That is the premise of Zinch. Zinch connects students to schools and scholarships which in itself is of course not that revolutionary. But other than just delivering the obligatory test score for admission, Zinch enables students to showcase the person behind the test score.
I already wrote about the Knowledge and Reputation Graph quite a bit but here you can already see what a system that adds context to a number has to offer for both students and schools in the recruiting process without replacing it.
The current applications don’t give justice to what students might have accomplished during their career and it is somehow counter intuitive that your whole future should be based on a snap shot in your life, e.g. the day you took the test.
Mick Hagen, the founder of Zinch explains on the website what lead him to create Zinch.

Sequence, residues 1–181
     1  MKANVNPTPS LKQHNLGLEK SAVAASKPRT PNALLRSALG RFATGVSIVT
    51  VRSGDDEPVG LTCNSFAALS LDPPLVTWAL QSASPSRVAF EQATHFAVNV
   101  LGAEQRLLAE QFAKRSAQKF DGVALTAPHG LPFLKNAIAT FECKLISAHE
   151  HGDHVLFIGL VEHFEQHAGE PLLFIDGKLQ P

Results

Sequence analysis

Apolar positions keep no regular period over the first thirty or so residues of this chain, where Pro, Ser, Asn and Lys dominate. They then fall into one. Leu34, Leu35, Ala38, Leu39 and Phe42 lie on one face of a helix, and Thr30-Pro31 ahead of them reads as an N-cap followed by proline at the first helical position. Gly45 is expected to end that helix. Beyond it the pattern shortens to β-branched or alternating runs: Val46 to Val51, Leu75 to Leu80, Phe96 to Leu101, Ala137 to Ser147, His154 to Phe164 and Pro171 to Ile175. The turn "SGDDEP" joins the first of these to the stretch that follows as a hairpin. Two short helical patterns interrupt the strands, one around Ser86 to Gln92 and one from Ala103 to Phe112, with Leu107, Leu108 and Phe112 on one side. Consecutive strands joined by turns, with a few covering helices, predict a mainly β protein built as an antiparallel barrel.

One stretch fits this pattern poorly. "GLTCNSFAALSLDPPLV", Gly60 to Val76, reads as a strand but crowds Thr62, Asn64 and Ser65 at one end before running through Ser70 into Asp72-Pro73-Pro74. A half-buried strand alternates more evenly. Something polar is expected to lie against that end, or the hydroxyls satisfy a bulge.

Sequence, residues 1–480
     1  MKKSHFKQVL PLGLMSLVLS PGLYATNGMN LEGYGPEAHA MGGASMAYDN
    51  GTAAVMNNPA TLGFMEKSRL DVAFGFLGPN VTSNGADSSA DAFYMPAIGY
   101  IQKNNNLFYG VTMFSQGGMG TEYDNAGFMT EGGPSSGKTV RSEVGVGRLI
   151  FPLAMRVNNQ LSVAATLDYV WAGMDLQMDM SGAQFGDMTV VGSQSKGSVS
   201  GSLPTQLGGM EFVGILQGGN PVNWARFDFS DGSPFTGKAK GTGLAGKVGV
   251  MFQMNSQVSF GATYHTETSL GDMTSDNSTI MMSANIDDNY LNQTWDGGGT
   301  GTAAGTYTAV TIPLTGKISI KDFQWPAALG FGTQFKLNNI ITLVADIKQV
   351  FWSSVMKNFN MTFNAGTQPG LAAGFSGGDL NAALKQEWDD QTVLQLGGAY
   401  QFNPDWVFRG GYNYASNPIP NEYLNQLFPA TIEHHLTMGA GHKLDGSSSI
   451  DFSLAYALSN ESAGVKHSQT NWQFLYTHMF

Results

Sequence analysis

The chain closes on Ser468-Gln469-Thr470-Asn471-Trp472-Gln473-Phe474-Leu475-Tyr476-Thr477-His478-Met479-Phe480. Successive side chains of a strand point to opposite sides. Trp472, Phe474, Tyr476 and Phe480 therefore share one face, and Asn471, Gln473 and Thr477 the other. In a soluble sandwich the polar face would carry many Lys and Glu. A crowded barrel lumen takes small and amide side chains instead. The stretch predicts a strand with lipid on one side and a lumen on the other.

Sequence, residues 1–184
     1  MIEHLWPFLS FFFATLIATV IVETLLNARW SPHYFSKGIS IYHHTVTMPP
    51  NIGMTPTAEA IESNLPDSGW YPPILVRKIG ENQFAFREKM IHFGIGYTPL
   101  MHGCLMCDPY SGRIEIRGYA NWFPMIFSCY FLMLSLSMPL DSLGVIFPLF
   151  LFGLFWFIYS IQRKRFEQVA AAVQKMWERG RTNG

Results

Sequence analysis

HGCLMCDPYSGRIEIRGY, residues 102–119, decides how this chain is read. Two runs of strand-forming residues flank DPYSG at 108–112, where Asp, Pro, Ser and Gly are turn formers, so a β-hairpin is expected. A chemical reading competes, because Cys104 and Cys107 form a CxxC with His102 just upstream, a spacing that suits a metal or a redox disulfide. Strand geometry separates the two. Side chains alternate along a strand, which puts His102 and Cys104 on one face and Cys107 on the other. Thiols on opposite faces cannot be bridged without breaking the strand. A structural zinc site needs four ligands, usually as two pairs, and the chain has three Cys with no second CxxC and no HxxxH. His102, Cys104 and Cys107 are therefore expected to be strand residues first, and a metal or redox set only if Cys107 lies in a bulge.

Most colleges and universities use practice exams and standardized tests as a method of their recruiting. They’ll go to The College Board (administor of the AP and SAT tests) or ACT and ask for the students who got above a certain score. From there they’ll start recruiting these students.
This was the inequality that I recognized. What about the students who don’t take these standardized tests? What about the students who aren’t great test-takers (yet still have amazing abilities)? What about the students who lack the resources and coaching to do well on these tests? With the current system, so many great students are left under the radar, undiscovered and unrecruited.
With Zinch students can add all the bits and pieces that create the real picture behind the admission. What are they passionate about, what are their special talents and achievements. Admissions officers can then search and filter the database to find the most interesting students that match their criteria besides the pure test scores.
Another positive aspect of Zinch is the possibility to connect with other students who are going through the same, stressful process at that same moment. This way they can support each other and build contacts and maybe friendships before meeting each other on campus.